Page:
Game two: win

Match Results: 1-0-0

Match Two, vs. Blue/White Traumatize

Can be quite the clock...
I call his deck Blue/White Traumatize because he made strong use of (duh) Traumatize. But not one Traumatize. He had two of them. And a few Tome Scours. Do you know how fast you run out of a library when you get hit by two Traumatizes?

He won the roll, and I had to mull to six. I came out with a turn two Elvish Visionary, a turn three removal spell, and a turn four Howling Banshee. Then another Howling Banshee after he managed to get rid of the first one. And then an Ant Queen. He didn't see his mill cards, and he didn't have the removal for the Queen. Really, with regards to that card, that's all that really needs to be said.

Game one: win

He came out with a turn two Mold Adder (obviously, he drew it that turn; or he drew the Forest that turn). All I had in my hand were black cards and a Rod of Ruin. I decided not to spend my Assassinate on the Adder, so I refrained from playing anything, including my Duress I drew on turn two, until I could kill that Adder. He also played a Wind Drake on turn three. But, I had my Rod out on turn four.

Of course, on his turn five, he had the Traumatize. Oh well. On the bright side, he did fill up my graveyard with bombs Ant Queen and Nightmare—who wasn't all that bomb-y as I didn't have that many Swamps out. Why is this a bright side? I had a Gravedigger in my opening hand. So on my turn five, I killed his adder with my Rod and played the Duress, hitting a Pacifism. And then on turn six, I played my Windstorm to kill his Drake, playing a Kelinore Bat behind it.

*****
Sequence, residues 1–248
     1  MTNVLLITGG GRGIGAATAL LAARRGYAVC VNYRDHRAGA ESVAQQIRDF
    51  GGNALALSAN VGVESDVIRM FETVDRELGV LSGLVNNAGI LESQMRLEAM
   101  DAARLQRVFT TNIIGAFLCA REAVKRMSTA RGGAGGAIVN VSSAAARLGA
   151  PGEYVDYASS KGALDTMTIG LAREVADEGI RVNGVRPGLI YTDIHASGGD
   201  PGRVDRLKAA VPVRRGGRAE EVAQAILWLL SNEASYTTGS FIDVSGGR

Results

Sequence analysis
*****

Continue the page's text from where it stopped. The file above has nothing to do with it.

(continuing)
He then played a second Traumatize that he pulled off the top. I was down to five cards in my library. I played the Gravedigger next, getting back my Ant Queen, which I played on my next turn. I attacked, made a metric butt-ton of Insect tokens, and, again, he had no answer to the Queen. He conceded as I had him dead on my next turn. I would have killed him with one card left in my library.

Game two: win

Match Results: 2-0-0

Match Three, vs. Blue/White

Worth a middle pick in this format.
This was a normal Blue/White build, which I think is inherently weak in M10. But this guy got the cards necessary to make it viable (essentially, a ton of white removal and a Mind Control). I won the roll and we both kept our seven. I opened with a turn three Dread Warlock. He played his Wind Drake. I hit him for 2 damage, and then played my Howling Banshee. Let me tell you, having two of these things was great. I can't imagine a better turn-four play in this format (oh, I'm sure there are some, I'm just not imagining what they are).

The Banshee went nuts, hitting him three times before getting killed. Meanwhile, we were both building up our ground board, which include my Deadly Recluse. It managed to get him down low enough that I was able to finish him off with an alpha strike.